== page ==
## May's Theorem

A most important theorem concerning majority rule was proved a half century ago by May (1952)

May begins by deﬁning a group decision function:

```    D = f (D1,D2,...,Dn)
```
where n is the number of individuals in the community. Each Di takes on the value 1, 0, −1 as voter i’s preferences for a pair of issues are xPy, xIy, and yPx, where P represents the strict preference relationship and I indifference. Thus, the Di serve as ballots, and f() is an aggregation rule for determining the winning issue. Depending on the nature of the voting rule, f() takes on different functional forms. Under the simple majority rule, f() sums the Di and assigns D a value according to the following rule:

May deﬁnes the following four conditions:

• Decisiveness: The group decision function is deﬁned and single valued for any given set of preference orderings
• Anonymity: D is determined only by the values of Di , and is independent of how they are assigned. Any permutation of these ballots leaves D unchanged
• Neutrality: If x defeats (ties) y for one set of individual preferences, and all individuals have the same ordinal rankings for z and w as for x and y (i.e., xRy → zRw, and so on), then z defeats (ties) w
• Positive responsiveness: If D equals 0 or 1, and one individual changes his vote from −1 to 0 or 1, or from 0 to 1, and all other votes remain unchanged, then D=1

The Theorem states that a group decision function is the simple majority rule if and only if it satisﬁes these four conditions

It is a most remarkable result. If we start from the set of all possible voting rules one can conceive of, and then begin imposing conditions we wish our voting rule to satisfy, we shall obviously reduce the number of viable candidates for our chosen voting rule as we add more and more conditions. May’s theorem tells us that once we add these four conditions, we have reduced the possible set of voting rules to but one, the simple majority rule. All other voting rules violate one or more of these four axioms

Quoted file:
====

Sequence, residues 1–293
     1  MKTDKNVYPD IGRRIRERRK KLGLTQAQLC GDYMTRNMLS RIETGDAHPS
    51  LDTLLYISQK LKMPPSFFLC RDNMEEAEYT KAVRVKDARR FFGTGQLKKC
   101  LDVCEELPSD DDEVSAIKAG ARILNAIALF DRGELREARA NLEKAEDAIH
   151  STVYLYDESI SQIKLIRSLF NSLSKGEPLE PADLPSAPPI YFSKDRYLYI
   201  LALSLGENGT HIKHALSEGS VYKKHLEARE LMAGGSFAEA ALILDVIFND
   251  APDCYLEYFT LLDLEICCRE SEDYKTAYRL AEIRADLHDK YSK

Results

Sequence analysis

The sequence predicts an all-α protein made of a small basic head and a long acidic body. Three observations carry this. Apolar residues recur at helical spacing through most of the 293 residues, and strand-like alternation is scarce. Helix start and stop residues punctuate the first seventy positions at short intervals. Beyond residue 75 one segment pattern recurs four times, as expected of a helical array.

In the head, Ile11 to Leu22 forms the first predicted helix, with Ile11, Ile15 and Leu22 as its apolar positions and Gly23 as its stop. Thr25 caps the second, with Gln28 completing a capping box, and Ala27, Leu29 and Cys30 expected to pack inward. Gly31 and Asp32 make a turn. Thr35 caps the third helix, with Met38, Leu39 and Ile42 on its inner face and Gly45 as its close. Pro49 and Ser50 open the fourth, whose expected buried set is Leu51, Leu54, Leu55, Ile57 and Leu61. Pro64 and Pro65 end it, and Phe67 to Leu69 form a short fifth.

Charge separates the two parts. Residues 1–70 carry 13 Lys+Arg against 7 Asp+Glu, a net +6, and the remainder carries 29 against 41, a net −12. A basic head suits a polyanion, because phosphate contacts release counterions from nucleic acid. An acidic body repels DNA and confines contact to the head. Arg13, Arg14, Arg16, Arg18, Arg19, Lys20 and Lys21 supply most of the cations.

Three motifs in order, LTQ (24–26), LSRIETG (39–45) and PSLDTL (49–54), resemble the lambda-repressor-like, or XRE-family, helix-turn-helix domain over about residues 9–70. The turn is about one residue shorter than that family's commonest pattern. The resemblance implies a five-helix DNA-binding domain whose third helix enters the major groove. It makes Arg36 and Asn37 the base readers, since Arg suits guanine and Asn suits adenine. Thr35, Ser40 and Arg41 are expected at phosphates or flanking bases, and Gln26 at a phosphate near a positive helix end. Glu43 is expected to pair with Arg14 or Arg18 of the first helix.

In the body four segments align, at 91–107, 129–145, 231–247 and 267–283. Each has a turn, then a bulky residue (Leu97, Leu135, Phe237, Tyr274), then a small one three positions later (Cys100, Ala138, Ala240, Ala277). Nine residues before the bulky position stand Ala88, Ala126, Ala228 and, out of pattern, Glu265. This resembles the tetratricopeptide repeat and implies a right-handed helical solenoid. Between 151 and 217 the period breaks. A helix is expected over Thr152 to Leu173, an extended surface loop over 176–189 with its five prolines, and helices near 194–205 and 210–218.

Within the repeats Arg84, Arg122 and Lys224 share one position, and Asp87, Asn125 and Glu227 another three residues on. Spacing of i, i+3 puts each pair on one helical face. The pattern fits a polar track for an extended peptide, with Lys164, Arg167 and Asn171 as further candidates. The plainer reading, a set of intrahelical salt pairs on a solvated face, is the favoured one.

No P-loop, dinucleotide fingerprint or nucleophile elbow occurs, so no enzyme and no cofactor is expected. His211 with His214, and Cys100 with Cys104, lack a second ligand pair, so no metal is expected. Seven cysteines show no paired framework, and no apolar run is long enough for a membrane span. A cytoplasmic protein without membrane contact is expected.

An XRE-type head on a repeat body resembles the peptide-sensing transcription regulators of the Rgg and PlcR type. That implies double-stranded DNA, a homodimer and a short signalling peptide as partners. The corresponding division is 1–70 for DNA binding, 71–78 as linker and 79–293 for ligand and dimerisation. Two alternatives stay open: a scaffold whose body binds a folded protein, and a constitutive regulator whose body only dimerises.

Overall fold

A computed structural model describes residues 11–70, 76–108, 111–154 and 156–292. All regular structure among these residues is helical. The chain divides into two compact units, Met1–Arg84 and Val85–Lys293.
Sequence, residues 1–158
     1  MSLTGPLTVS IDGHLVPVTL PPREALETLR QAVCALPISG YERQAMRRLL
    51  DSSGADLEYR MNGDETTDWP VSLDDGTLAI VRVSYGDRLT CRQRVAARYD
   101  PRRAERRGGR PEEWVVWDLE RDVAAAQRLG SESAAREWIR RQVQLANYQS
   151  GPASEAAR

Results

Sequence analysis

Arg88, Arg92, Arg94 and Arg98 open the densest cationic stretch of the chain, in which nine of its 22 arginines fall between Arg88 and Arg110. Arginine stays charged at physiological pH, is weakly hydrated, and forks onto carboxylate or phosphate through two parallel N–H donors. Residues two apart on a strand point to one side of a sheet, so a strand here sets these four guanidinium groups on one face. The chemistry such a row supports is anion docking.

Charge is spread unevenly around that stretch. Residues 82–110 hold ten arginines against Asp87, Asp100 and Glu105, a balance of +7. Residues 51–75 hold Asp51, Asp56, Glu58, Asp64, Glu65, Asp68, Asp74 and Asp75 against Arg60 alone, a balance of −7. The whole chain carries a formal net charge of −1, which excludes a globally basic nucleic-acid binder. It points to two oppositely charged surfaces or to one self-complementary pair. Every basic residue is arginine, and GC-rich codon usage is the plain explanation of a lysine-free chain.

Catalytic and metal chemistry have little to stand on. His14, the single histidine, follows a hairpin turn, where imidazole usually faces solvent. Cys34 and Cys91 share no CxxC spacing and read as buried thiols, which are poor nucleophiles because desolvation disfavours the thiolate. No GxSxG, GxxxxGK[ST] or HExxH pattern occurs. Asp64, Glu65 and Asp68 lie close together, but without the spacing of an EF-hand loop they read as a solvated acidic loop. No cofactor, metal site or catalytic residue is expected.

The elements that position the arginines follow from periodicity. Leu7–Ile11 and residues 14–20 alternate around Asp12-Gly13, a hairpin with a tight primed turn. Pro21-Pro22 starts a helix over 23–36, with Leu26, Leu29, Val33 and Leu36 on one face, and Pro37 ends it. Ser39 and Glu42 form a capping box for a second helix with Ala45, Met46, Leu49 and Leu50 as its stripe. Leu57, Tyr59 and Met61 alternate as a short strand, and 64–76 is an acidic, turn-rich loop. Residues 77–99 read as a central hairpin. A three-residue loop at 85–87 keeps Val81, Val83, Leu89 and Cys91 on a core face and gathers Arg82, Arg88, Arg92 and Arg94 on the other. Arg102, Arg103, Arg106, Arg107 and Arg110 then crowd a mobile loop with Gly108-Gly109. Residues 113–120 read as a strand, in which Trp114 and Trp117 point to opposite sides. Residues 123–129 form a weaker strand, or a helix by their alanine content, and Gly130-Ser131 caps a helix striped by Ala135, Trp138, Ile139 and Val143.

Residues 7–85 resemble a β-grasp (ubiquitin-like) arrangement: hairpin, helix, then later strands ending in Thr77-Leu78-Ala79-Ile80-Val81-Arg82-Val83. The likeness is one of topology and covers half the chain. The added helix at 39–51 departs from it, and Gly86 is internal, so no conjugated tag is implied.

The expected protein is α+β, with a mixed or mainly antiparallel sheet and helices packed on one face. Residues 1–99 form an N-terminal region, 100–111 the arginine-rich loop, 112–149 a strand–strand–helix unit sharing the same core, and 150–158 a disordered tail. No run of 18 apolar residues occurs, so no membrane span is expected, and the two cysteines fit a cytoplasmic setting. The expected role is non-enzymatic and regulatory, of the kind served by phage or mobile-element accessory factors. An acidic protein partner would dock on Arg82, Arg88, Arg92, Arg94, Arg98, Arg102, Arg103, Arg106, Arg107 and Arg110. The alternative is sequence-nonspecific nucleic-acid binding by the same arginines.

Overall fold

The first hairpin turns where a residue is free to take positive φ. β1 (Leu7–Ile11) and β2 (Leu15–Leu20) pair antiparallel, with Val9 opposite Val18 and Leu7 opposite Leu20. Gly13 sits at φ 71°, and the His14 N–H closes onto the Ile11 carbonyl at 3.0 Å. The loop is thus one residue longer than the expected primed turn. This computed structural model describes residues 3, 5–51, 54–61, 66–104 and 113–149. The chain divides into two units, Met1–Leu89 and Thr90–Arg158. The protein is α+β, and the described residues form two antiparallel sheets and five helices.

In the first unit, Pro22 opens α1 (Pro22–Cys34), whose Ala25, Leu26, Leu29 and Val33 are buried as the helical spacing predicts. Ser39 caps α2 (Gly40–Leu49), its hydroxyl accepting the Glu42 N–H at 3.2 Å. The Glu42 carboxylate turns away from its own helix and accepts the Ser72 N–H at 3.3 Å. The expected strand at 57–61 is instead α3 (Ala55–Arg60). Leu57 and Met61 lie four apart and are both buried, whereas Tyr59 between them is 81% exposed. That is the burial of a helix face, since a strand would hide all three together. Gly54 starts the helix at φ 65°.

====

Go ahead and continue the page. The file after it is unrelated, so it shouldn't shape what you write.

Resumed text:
Decisiveness seems at ﬁrst uncontroversial. If we have a decision function, we want it to be able to decide at least when confronted with only two issues. But this axiom does eliminate all probabilistic procedures in which the probability of an issue’s winning depends on voter preferences.

Positive responsiveness is also a reasonable property. If the decision process is to reﬂect each voter’s preference, then a switch by one voter from opposition to support ought to break a tie

The other two axioms are less innocent than they look or their names connote.

The neutrality axiom introduces an issue-independence property. In deciding a pair of issues, only the ordinal preferences of each voter over this issue pair are considered. Information concerning voter preferences on other issue pairs is ruled out, and thereby one means for weighing intensities is eliminated.

Where the neutrality axiom guarantees that the voting procedure treats each issue alike, anonymity assures that each voter is treated alike. On many issues this is probably a desirable property.